- The hierarchy of sciences in which, in terms of human beliefs about the real world, psychology trumps everything;
- The New Yorker on the plausibility of impossible beings (from 2017);
- Recalling that Venn Diagram of Irrational Nonsense;
- How “more than half of Americans” claim they’ve been visited by ghosts, without necessarily knowing what they’re talking about;
- The opposite of the “constitution of knowledge” is what many of us are living in.
I may or may not have described the ‘hierarchy’ of sciences and how it’s worked out in recent decades. (Harari does this 50,000 foot take on the opening page of Sapiens.) Take the basic sciences, even just those taught in high school, and you come to understand that physics underlies everything. Physics boils everything down to elemental particles and basic forces that (seem to be at least) consistent across the entire observable universe. Knowing physics, you can construct chemistry. You understand how the elementary particles bond together into atoms, heavier and heavier ones, and how the atoms combine into molecules, bigger and bigger ones. You stop speaking in terms of physics and use higher-order formulations, to discuss chemistry. Similarly, chemistry underlies biology, and you can discuss biological constructions in terms of chemistry, or use other sets of higher-order formulations, to discuss biology, and life. At each steps there is an emergence of some sort, in which simpler orders of reality underlie higher orders, and you use different terminology at each level, but ultimately biology boils down to chemistry which boils down to physics. Evolution explains how life (biology) has come to exist in its present form, including human beings, and why such things as history and the arts exist, because evolution is partly about evolution of the human mind, which has become optimized to survival — not (crucial key point) the understanding of physical reality. Thus the arts are obsessed about some topics, and not other theoretical ones.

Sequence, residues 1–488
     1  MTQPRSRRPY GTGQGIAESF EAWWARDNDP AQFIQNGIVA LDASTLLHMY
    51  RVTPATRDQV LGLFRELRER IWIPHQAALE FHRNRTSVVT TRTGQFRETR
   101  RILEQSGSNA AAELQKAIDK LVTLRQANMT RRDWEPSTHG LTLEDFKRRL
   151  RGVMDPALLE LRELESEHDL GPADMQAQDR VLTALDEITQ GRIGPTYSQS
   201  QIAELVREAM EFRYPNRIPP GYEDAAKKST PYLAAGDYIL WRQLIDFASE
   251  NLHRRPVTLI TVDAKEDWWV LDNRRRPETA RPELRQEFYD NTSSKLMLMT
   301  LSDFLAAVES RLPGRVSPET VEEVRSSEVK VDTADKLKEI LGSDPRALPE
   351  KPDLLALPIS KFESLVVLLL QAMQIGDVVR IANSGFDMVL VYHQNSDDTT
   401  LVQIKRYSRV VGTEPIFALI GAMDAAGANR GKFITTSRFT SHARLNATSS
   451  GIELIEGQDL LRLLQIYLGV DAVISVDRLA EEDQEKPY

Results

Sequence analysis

(This is one of the themes of the essay I placed that will be published in a year or so.)
Further, the understanding of human nature, or human psychology, as it’s evolved for survival, provides a crucial insight. There’s a distinction between what is real (which has been captured and refined by the “constitution of knowledge” over the past 500 years) and what people believe. The latter is the former mediated through evolutionary-driven human nature: psychology. So to realize what people *believe*, the formulation of the above hierarchy turns out to be:
Physics << Chemistry << Biology << Evolution and Human Nature << Psychology << Human Culture and the Humanities (and Politics)
To the point where many people dismiss or deny all the basic science at the left end, if it conflicts with their cultural identities, which have derived in spite of them.
The New Yorker, Kathryn Schulz, 30 Oct 2017: Fantastic Beasts and How to Rank Them, subtitled “The relative plausibility of impossible beings tells you a lot about how the mind works.”
People whose allegiance lies with the “reality-based community” — a term Jonathan Rauch adopts, and which has long been used by others, e.g. the CFI blogs — reject all of these “impossible beings” as part of the universe of woo (which includes religious beliefs) such as diagrammed here (from posts several years ago) — click for larger image.
But let’s get to this New Yorker article. Turns out it’s from 2017, though for some reason it was displayed on its site’s current homepage a few days ago. Its point is still valid of course. It describes an exercise in ranking the following list of “supernatural beings,” and ranking them in order of plausibility, never mind whether you actually believe in any of them yourself.
__ Loch Ness monster
__ Tooth fairy
Then it goes on to discuss everyone from Aristotle to Walt Disney to Andrew Shtulman (whose book I reviewed here), to discuss why we believe some things are plausible, and other things are not. We base judgments based on real-world experience; less so on fundamental knowledge of those base sciences. Long, fascinating piece.